their discretion to either dismiss the action or to stay it pending mediation. 15 In making this
determination, Courts focus on three main factors: the harm of dismissal to the plaintiff, the harm
of not dismissing to the defendant, and the interests of judicial efficiency. 16
Here, there is no suggestion that Plaintiff would be harmed if the Court were to dismiss
this action. Defendant seeks dismissal without prejudice. Therefore, Plaintiff could re-file this
action after mediation is completed and there is no risk that their claims will be lost.
Defendant argues that dismissal is necessary to reflect the parties’ agreement and to allow
mediation to proceed without the cloud of litigation. The Court agrees. The parties contracted
for a certain dispute resolution procedure. By failing to engage in mediation prior to filing suit,
Plaintiff has denied Defendant the benefit of their bargain. If the Court simply ignored
Plaintiff’s conduct “it would be setting a precedent that parties may disregard such conditions
and pay no consequences so long as they subsequently engage in fruitless mediation. Such a
position would plainly render the mediation requirement a nullity.” 17 The Court cannot
countenance such a clear disregard for a party’s contractual obligations.
Finally, while the dismissal may result in certain inefficiencies, those inefficiencies do
not outweigh the harm to Defendant if this case is not dismissed. Further, any inefficiency in
dismissing the Complaint is due to Plaintiff failing to abide by the terms of the Agreement. Had
Plaintiff complied with the dispute resolution process to which it agreed, dismissal would not be
Pulse Sys., Inc. v. SleepMed Inc., No. 6:15-CV-01392-JTM, 2016 WL 738201, at *4
(D. Kan. Feb. 23, 2016) (collecting cases).
Stone & Webster, Inc. v. Georgia Power Co., 968 F. Supp. 2d 1, 10 (D. D.C. 2013).
Plaintiff further argues that various hurdles make any attempts at mediation futile.
Plaintiff specifically points to the lack of compulsory process and the absence of Allegheny.
Plaintiff’s futility arguments are unavailing. Plaintiff agreed to the dispute resolution procedures
in Article 12. It cannot now be heard to complain about any supposed deficiencies in those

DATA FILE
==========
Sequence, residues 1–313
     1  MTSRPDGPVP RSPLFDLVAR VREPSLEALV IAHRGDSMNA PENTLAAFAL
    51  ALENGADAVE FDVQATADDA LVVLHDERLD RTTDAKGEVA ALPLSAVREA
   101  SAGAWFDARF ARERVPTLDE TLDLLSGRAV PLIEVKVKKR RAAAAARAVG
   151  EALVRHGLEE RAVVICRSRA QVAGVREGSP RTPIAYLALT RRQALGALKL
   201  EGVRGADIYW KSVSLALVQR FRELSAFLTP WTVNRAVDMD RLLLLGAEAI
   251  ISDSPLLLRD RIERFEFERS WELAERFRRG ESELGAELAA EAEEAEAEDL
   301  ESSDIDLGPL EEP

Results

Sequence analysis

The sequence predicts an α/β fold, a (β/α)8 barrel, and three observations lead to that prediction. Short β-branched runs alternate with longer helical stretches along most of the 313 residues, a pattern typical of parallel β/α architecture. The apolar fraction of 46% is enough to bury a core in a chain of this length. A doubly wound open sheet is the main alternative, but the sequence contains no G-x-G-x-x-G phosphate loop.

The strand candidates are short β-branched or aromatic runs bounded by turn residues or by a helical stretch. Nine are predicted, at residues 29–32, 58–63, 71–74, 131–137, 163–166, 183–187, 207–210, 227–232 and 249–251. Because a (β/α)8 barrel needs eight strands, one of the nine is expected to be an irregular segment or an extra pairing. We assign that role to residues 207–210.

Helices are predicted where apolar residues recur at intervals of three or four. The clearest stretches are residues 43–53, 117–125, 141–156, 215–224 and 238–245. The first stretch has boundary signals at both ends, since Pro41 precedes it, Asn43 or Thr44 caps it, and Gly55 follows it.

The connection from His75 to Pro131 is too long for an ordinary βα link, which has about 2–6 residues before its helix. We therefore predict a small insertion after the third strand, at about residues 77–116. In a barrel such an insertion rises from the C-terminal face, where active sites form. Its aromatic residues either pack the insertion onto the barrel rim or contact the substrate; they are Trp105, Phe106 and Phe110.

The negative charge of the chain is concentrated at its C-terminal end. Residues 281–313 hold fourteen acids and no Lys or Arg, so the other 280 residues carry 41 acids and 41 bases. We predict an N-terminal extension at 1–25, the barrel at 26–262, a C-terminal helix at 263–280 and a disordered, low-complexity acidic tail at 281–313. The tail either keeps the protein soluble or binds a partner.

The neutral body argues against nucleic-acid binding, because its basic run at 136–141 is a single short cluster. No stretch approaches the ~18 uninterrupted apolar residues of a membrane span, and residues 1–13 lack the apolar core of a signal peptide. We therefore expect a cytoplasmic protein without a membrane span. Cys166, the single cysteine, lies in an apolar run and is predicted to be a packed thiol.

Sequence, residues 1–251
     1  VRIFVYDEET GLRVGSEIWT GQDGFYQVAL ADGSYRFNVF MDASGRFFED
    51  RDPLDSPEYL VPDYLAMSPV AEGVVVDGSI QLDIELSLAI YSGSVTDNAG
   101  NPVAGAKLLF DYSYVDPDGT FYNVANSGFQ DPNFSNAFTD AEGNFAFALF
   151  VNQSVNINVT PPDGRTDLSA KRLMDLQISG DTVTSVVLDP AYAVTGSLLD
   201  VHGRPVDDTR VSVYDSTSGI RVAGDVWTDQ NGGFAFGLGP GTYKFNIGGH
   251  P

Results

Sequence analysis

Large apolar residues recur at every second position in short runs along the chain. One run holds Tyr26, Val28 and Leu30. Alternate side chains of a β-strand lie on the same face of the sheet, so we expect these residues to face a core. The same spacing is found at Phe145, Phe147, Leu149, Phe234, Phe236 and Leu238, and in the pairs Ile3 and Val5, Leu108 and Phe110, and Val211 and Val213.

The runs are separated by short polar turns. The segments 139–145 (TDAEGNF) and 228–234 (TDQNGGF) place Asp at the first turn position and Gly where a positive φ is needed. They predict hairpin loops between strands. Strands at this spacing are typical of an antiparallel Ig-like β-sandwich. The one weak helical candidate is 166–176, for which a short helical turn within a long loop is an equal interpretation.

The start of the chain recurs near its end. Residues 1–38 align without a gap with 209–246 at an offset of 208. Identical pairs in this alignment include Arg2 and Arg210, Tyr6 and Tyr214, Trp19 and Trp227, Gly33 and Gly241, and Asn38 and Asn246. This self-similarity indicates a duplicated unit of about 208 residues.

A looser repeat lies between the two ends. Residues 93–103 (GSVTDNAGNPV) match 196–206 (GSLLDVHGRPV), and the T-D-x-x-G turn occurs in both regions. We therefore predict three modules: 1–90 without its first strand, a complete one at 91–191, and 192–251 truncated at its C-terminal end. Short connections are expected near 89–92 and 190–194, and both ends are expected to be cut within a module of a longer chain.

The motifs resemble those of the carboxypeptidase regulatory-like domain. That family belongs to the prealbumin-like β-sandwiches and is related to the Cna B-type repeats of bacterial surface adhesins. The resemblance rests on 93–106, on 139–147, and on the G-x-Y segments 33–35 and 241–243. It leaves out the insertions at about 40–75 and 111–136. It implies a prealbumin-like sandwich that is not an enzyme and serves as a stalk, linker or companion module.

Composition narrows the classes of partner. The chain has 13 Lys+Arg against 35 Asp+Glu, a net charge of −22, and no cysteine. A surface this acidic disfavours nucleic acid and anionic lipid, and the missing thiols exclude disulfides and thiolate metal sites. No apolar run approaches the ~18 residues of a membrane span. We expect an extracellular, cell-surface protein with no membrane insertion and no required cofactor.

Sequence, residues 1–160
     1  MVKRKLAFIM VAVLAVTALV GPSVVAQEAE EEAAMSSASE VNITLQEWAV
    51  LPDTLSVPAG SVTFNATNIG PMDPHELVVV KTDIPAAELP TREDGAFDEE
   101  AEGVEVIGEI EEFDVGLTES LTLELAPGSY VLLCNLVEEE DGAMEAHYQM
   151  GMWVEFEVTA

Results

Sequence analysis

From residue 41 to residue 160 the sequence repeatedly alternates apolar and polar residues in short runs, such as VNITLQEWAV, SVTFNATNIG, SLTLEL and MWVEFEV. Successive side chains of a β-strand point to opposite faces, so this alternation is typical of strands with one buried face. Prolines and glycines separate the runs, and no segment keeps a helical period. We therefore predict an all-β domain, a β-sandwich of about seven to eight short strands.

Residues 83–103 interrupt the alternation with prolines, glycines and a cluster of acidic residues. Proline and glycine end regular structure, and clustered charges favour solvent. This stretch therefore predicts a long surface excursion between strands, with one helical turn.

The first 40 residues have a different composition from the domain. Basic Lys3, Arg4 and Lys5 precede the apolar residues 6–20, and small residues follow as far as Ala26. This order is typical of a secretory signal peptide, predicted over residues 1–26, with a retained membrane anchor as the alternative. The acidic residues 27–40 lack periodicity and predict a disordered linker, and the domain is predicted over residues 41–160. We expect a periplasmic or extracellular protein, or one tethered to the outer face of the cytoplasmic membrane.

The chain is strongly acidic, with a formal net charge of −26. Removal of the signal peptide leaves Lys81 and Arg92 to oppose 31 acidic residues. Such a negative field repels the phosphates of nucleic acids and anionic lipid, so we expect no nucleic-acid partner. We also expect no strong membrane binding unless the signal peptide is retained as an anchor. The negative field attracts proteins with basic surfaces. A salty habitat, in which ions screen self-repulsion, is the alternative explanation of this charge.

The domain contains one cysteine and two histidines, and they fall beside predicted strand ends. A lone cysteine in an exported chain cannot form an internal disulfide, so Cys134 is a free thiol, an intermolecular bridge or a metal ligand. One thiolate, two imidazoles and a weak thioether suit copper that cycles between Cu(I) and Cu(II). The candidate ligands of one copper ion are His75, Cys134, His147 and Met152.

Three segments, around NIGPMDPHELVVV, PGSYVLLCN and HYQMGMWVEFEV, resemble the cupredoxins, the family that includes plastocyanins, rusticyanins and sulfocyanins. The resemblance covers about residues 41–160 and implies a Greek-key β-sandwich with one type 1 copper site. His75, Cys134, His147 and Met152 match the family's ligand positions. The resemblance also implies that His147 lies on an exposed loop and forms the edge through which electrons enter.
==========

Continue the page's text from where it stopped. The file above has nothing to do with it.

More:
procedures. Therefore, the Court will dismiss Plaintiff’s Complaint against ATI-Ti without
ALLEGHENY’S MOTION TO DISMISS
Allegheny seeks dismissal for lack of personal jurisdiction and for failure to state a claim.
Both arguments are addressed below.
Plaintiff carries the burden of establishing personal jurisdiction over Defendant. 19 “To
obtain personal jurisdiction over a nonresident defendant in a diversity action, a plaintiff must
show that jurisdiction is legitimate under the laws of the forum state and that the exercise of
jurisdiction does not offend the due process clause of the Fourteenth Amendment.” 20 Utah’s
long arm statute applies “to the fullest extent permitted by the due process clause of the
Fourteenth Amendment to the United States Constitution.” 21 Thus, it is “helpful to undertake the
Plaintiff argues that Rule 12(b)(6) is not the proper vehicle for Defendant’s Motion.
Even assuming Plaintiff is correct, the outcome would remain the same. The only facts
necessary to resolve this dispute are that Plaintiff initiated the informal dispute resolution process
and that Plaintiff filed the Complaint without having completed the dispute resolution process.
Those facts are not in dispute. Thus, even if Rule 56 provides the applicable standard, no factual
disputes would preclude dismissal.
Kuenzle, 102 F.3d at 456.
Soma Med. Int’l v. Standard Chartered Bank, 196 F.3d 1292, 1295 (10th Cir. 1999)
(quoting Far W. Capital, Inc. v. Towne, 46 F.3d 1071, 1074 (10th Cir. 1995)).
Utah Code Ann. § 78B-3-201(3).
due process analysis first, because any set of circumstances that satisfies due process will also
satisfy the long-arm statute.” 22
To satisfy the constitutional requirement of due process there must be “minimum
contacts” between the defendant and the forum state. 23 The “minimum contacts” standard may
be met by a finding of either general jurisdiction or specific jurisdiction. For general jurisdiction
to exist, “the defendant must be conducting substantial and continuous local activity in the forum